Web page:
Vivian St. John (1881-1974) There is a train inside this iris: You think I'm crazy, & like to say boyish & outrageous things. No, there is A train inside this iris. It's a child's finger bearded in black banners. A single window like a child's nail, A darkened porthole lit by the white, angular face Of an old woman, or perhaps the boy beside her in the stuffy, Hot compartment. Her hair is silver, & sweeps Back off her forehead, onto her cold and bruised shoulders. The prairies fail along Chicago. Past the five Lakes. Into the black woods of her New York; & as I bend Close above the iris, I see the train Drive deep into the damp heart of its stem, & the gravel Of the garden path Cracks under my feet as I walk this long corridor Of elms, arched Like the ceiling of a French railway pier where a boy With pale curls holding A fresh iris is waving goodbye to a grandmother, gazing A long time Into the flower, as if he were looking some great Distance, or down an empty garden path & he believes a man Is walking toward him, working Dull shears in one hand; & now believe me: The train Is gone. The old woman is dead, & the boy. The iris curls, On its stalk, in the shade Of those elms: Where something like the icy & bitter fragrance In the wake of a woman who's just swept past you on her way Home & you remain.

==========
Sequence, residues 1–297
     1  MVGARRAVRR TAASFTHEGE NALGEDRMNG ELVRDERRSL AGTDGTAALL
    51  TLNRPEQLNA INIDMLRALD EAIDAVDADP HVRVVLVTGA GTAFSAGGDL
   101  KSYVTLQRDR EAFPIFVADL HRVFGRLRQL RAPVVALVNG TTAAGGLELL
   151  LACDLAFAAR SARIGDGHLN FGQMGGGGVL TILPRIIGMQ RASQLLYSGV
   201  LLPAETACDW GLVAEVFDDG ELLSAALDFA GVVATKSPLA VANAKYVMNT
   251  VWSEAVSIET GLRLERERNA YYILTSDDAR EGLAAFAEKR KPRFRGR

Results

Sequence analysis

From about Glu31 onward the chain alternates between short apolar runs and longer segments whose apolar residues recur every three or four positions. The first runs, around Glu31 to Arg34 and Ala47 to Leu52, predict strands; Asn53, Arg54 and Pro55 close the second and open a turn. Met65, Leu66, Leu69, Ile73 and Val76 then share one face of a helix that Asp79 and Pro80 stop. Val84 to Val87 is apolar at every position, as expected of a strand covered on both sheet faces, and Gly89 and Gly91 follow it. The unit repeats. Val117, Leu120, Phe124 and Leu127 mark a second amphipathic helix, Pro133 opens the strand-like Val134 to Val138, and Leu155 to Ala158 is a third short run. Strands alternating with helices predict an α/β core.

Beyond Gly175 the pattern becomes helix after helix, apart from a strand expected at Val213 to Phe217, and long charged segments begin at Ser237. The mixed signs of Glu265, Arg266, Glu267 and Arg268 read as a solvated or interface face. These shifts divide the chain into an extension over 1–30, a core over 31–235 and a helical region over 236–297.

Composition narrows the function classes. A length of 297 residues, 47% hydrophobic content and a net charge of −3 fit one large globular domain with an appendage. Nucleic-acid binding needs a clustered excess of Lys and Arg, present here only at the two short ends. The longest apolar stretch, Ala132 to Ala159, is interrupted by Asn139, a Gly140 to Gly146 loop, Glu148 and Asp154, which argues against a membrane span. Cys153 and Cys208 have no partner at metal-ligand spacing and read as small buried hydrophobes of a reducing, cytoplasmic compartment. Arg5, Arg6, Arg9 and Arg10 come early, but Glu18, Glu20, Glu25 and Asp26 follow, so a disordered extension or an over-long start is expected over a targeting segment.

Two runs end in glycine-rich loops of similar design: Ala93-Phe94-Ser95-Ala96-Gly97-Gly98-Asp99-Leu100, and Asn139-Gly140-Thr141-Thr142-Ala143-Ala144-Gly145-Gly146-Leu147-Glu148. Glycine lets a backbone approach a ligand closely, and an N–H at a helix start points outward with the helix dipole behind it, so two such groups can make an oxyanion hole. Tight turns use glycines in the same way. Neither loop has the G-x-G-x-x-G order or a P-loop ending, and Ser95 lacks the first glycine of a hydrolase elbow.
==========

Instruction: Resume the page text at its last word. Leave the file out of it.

From Study for the World's Body, published by HarperCollins, 1994. Copyright © 1991 by David St. John. All rights reserved. Used with permission.